Ensuring the best customer experience is a major problem for financial institutions that are building an instant lending channel or a digital on-boarding journey.

Adding Open Banking is sometimes perceived as an obstacle for the user and a limitation that might have a negative impact on the conversion rate. In this article we explain why that perception is not correct and why Open Banking is not only a fantastic opportunity to collect meaningful data to assess creditworthiness, but also an effective way to optimise and improve customer experience.

1) Open Banking is a seamless process.

In Europe, on average, 60% of the users that start an Open Banking process end up providing consent to allow the financial institution to collect their data. This percentage has been growing over the past year as many of the major banks adopted Open Banking and positively contributed by educating their customer base.

This process only takes three minutes to complete and includes four steps.

  1. Selection of the bank
  2. Consent page
  3. Strong Customer Authentication
  4. Fetching of the transactional data and final “thank you page”

It is important to build a totally seamless flow, support the user with helpful content and graphic elements and eventually add a live video chat with a view to communicate that the completion of the process will provide a faster journey and increase the chances of receiving the loan. According to our experience, 55-60% of the applicants that initiate an Open Banking journey successfully complete it. Although PSD2 is still in the early stages and the Open Banking ecosystem is not fully mature, the results are promising and can only get better!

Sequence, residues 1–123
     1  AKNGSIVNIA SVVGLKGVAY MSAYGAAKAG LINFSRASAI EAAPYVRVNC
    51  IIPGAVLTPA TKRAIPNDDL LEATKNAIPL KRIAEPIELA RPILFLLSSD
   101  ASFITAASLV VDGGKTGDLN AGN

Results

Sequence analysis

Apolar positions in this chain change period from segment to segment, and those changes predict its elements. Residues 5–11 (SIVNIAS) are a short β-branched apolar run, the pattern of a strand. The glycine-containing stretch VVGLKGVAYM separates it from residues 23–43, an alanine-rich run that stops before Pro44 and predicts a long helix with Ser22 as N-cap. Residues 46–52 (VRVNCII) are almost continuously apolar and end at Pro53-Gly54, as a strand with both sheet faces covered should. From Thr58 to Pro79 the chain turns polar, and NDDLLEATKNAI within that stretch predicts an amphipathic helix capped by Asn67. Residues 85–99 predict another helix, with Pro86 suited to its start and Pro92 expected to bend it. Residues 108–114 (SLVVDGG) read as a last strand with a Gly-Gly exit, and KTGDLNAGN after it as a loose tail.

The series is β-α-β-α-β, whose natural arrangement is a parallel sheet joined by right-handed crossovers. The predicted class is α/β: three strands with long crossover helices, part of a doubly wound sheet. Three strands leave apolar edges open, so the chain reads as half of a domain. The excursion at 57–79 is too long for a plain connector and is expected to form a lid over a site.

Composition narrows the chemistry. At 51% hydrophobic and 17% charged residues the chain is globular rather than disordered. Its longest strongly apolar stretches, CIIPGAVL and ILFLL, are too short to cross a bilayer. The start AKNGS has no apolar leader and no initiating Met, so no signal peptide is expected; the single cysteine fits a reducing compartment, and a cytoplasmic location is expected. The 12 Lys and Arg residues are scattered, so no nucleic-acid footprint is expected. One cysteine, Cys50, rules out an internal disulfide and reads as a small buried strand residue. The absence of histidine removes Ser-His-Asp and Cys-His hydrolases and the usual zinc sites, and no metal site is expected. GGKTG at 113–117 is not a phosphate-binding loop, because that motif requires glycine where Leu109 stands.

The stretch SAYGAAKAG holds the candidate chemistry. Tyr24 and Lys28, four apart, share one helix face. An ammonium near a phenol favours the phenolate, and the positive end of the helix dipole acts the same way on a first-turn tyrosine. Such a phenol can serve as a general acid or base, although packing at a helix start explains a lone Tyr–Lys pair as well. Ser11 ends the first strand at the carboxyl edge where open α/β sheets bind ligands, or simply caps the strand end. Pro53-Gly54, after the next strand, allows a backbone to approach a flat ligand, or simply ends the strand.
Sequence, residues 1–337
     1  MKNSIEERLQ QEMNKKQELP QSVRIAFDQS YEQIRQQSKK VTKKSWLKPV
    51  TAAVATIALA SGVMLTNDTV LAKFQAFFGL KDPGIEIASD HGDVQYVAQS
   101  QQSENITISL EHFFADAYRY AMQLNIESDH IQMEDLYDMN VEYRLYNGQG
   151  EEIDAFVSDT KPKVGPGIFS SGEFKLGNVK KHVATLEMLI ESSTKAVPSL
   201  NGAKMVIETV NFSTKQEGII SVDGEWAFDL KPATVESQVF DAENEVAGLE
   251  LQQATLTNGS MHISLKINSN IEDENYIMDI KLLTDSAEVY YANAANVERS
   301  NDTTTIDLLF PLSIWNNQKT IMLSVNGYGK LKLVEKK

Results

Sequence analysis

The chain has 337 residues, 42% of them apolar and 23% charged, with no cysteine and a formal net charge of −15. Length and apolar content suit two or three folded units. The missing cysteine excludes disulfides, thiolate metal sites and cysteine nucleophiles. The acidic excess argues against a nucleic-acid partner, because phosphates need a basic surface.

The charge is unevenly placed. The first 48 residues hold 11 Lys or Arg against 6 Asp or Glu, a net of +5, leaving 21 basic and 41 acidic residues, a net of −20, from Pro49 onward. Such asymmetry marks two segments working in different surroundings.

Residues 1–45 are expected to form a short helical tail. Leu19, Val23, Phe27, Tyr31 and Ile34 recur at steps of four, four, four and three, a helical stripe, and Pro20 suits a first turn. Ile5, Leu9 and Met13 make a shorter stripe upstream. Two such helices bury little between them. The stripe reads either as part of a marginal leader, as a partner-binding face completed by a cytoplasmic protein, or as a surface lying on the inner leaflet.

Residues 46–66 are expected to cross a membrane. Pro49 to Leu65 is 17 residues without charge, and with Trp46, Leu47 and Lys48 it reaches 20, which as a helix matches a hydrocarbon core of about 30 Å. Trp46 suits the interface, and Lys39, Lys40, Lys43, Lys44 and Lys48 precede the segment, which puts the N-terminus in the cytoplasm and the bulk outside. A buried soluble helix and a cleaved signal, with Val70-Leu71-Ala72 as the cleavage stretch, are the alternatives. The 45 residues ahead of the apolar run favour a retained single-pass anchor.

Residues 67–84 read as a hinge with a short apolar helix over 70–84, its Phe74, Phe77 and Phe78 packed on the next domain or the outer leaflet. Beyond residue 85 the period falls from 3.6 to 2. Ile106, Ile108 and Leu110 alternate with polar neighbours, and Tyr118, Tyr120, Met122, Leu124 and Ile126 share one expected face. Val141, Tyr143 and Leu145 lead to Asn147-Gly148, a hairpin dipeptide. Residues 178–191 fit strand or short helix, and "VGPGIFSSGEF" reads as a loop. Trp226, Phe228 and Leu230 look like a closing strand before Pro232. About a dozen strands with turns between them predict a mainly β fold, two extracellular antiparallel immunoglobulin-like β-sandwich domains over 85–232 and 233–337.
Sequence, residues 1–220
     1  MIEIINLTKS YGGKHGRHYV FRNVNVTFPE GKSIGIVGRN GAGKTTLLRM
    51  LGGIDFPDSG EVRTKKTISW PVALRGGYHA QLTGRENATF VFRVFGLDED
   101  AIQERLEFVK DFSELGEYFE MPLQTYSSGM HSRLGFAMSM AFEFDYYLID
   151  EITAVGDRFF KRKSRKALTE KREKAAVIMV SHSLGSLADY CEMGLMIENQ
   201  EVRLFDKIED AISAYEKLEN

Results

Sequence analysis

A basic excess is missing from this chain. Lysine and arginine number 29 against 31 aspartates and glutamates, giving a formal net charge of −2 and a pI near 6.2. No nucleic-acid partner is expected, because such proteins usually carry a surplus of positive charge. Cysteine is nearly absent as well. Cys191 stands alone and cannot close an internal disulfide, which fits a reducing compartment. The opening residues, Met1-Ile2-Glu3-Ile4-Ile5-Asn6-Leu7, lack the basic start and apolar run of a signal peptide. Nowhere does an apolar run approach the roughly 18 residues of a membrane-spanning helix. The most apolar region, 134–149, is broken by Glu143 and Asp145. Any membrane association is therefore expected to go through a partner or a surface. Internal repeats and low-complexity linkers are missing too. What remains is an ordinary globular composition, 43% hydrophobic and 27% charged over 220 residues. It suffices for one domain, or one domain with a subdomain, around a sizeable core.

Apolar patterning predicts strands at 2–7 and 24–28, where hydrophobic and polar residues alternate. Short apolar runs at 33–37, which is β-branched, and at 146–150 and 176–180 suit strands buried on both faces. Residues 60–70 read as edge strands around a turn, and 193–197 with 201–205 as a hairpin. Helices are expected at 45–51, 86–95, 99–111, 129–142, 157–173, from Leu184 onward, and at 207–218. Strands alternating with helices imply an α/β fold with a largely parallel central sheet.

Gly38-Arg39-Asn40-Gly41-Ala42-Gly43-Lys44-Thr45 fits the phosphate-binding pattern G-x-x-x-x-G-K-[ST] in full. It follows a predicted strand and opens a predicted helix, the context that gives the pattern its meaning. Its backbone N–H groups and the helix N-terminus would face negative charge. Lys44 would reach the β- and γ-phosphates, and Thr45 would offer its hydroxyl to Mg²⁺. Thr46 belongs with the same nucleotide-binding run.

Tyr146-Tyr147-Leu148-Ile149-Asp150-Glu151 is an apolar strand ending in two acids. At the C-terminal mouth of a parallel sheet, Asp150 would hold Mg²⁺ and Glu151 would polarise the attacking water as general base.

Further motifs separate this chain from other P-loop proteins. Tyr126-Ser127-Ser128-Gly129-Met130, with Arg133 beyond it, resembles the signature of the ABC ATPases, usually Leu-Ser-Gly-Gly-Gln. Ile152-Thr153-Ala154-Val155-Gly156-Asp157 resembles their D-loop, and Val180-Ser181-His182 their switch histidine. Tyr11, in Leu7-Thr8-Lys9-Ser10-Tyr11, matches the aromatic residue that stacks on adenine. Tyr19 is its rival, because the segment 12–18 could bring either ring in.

2) Open Banking reduces bureaucracy and helps with identification of the prospect

The strong customer authentication is crucial in ensuring that the prospect is able to access the current accounts submitted. Additionally, it is possible to extract and check the IBAN, eventually adding up services to validate the association to a VAT number or a fiscal code.

The European Banking Authority has also recommended that banks add the name and surname of the account holder(s) as part of the information to be submitted via the PSD2 API.

The number of banks complying with this recommendation is growing and soon it will be possible to validate the association between an IBAN and the name of the applicant.

 3) Income and employment verification reduces the time to say “yes”

The historical depth of the transactional data that can be provided through Open Banking enables the lender to easily verify the disposable income and the affordability. It is possible to ascertain whether the applicant is currently employed or a sole trader and design cut-off strategies based on his or her net income as well as on KPIs based on the past evolution of the balance.

The income and the employment verifications are part of a lengthy process which requires the user to add additional documents such as the salary slip for the consumer or the cashflow statement for a company. Without Open Banking, these documents require a costly manual review from the lender.

Reducing the time needed to complete the process has a positive impact on the customer experience and significantly reduces the on-boarding costs.

In conclusion, Open Banking is not an additional step that might prevent the user from reaching the end of the process but an innovative way to accelerate it and collect a wealth of powerful information about affordability and spending behaviour.